Is Diabetes Transferable?

Is Diabetes Transferable?

First of all, diabetes is definitely not contagious. There a two types of diabetes. Both of them aren't curable, but with the right treatment, people can live just about as long as any other healthy person. Type 1: ... is an autoimmune disorder. The immune system destroys the insulin-producing beta cells in the pancreasas as an overreaction, so that for people suffering from type 1 diabetes, insulin is essential for survival. Most likely, type 1 diabetes is diagnosed in the childhood. Though it's rare, it's also possible to develope it about the age of thirty. The patients need to inject insulin several times of the day, every time they eat or their blood sugar appears to be too high. Plus, they need to consider very different things, challenging their lifestyle. Type 2: ... begins with an insulin resistance one can manage at first by dietary changes and by increasing exercise. If that isn't successful anymore, one gets oral anti diabetics, and if that on the other hand isn't successful enough anymore, one starts slowly with injecting insulin, still taking the oral anti diabetics. The treatment consistently gets adjusted on the state of health of the particular patient by their doctors. Though you have an increased risk of developing type 2 diabetes, if your ancestors suffered from it, the chance of getting ill are only highly increased, if you get overweight and if you underexercise. If you know that, you can avoid further increasing the risk. If there is only one side if ancestors in which someone had a type 2 diabetes, your chances to get it are at approximately 10%, if that is the case on both sides, there is a 30% - if you're overweight. One could also add a type 3 and a type 4 to that list, if one considers gestational diabetes, a condition in which the insulin re Continue reading >>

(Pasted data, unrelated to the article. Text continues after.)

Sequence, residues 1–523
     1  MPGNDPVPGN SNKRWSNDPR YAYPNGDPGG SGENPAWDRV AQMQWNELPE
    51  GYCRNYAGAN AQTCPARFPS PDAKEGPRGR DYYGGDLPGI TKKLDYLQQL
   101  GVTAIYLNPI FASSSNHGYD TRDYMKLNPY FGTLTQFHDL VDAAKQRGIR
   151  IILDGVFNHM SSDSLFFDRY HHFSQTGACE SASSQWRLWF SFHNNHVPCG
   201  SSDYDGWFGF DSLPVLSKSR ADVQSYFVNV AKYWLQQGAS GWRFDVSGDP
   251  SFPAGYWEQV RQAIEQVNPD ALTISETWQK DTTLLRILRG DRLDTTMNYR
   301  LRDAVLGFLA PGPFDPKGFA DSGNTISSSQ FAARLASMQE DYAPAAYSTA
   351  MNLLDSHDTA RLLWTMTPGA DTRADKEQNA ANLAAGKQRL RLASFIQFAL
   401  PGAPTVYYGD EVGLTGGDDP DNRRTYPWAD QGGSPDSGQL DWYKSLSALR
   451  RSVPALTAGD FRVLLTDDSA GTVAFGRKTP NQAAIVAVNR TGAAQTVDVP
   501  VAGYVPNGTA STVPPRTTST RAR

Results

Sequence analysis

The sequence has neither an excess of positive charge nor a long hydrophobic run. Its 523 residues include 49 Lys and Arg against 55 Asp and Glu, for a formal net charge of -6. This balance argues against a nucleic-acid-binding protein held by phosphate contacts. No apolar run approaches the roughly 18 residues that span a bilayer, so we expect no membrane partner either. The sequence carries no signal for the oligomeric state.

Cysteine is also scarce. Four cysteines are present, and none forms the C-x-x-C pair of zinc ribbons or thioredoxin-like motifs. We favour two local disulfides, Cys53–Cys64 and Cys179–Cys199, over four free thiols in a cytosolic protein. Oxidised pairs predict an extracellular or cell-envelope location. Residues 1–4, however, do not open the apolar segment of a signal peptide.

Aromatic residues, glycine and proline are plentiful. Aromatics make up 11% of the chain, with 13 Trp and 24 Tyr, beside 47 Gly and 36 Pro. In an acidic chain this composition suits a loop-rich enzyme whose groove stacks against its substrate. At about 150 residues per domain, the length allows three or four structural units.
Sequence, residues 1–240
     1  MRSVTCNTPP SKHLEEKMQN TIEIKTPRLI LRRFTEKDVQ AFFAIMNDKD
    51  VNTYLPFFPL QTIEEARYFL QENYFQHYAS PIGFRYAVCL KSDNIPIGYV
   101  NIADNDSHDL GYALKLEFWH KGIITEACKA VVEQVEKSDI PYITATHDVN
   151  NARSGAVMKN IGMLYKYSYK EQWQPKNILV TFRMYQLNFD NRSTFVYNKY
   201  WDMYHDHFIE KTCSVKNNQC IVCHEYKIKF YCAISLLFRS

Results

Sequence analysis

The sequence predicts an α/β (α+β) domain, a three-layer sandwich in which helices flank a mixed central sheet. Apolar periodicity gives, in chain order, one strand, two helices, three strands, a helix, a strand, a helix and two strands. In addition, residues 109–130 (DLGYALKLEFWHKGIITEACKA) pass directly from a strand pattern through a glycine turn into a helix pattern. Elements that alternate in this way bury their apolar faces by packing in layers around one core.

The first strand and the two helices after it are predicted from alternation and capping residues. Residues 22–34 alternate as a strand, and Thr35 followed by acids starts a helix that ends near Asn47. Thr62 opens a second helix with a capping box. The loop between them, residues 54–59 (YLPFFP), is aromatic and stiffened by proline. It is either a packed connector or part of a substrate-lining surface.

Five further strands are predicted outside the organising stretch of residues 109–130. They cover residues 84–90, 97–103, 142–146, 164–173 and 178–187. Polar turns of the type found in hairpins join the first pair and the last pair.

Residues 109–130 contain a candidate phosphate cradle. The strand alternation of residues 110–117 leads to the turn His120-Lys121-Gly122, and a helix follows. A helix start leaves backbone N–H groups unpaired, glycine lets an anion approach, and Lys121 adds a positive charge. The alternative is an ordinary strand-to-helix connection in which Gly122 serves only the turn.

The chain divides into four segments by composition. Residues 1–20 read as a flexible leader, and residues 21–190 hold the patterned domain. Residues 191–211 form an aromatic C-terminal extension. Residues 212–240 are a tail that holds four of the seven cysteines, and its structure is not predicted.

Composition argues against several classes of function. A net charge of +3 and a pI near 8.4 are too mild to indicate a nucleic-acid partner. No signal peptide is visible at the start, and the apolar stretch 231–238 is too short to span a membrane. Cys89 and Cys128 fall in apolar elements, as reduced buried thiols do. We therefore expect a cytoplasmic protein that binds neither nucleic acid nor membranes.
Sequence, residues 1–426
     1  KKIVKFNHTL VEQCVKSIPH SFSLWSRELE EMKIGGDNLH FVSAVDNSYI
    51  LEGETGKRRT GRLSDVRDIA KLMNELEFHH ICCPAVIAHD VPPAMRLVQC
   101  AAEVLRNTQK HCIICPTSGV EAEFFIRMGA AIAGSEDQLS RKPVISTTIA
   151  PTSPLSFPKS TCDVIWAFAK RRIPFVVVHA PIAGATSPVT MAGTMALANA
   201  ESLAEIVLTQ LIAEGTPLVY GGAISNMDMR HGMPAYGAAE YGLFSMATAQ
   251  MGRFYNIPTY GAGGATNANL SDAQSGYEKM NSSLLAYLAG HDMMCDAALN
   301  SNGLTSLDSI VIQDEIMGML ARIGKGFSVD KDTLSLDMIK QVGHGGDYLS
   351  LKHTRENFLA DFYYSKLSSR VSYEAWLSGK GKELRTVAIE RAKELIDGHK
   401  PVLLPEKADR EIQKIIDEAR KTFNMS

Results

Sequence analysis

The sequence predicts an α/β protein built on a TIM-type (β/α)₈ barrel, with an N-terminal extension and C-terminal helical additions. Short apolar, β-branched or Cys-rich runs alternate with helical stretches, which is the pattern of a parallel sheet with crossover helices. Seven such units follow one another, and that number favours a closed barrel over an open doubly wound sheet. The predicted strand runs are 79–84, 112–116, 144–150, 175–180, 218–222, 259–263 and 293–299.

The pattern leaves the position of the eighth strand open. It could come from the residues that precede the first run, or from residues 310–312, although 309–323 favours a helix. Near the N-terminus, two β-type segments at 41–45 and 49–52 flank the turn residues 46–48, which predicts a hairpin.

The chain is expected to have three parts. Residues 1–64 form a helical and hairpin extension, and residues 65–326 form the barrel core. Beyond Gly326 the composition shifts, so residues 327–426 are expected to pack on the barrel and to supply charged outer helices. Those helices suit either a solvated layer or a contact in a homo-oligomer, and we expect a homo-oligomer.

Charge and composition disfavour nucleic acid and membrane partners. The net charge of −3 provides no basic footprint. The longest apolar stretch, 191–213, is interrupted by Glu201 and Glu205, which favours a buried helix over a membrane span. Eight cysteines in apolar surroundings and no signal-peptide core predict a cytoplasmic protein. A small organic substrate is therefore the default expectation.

Diabetes Health Advice

Diabetes Health Advice

Is Diabetes Transferable? Diabetes is characterized by increased blood sugar or blood glucose levels. Glucose is obtained from the food that is consumed. The glucose gives the cells the energy they need to perform various functions. The hormone insulin aids in this process. In type 1 diabetes, the body is unable to produce insulin. In type 2 diabetes, the body either does not produce or cannot use the insulin properly. Type 2 diabetes is also known as diabetes mellitus and is the more common of both types. When there is an inadequate amount of insulin in the body, the glucose remains in the blood, thereby elevating blood sugar levels. Diabetes health risks are many. If the glucose remains in the blood over time, many serious complications such as kidney, eye and nerve damage can occur. Gestational diabetes is another type of diabetes that occurs in pregnant women due to the effect of hormonal changes. Diabetes health problems can occur in any type of diabetes. These problems develop when an individual is unable to manage diabetes properly. A common complication that occurs in diabetic individuals is hyperglycemia which is characterized by excessively high blood sugar levels. If left untreated, conditions such as kidney failure, nerve damage and blindness can occur. Unmanaged diabetes can also lead to high cholesterol and elevated blood pressure. This contributes to circulation disorders and heart disease. Diabetes often leads to frequent infections since the immune system is affected. Intake of too much insulin can lead to hypoglycemia wherein dizziness, headache, sweating and fainting can occur. The diabetes health plan involves proper diet, lifestyle modifications and medication. Type 2 diabetes is initially treated with dietary changes, regular exercise and weight re Continue reading >>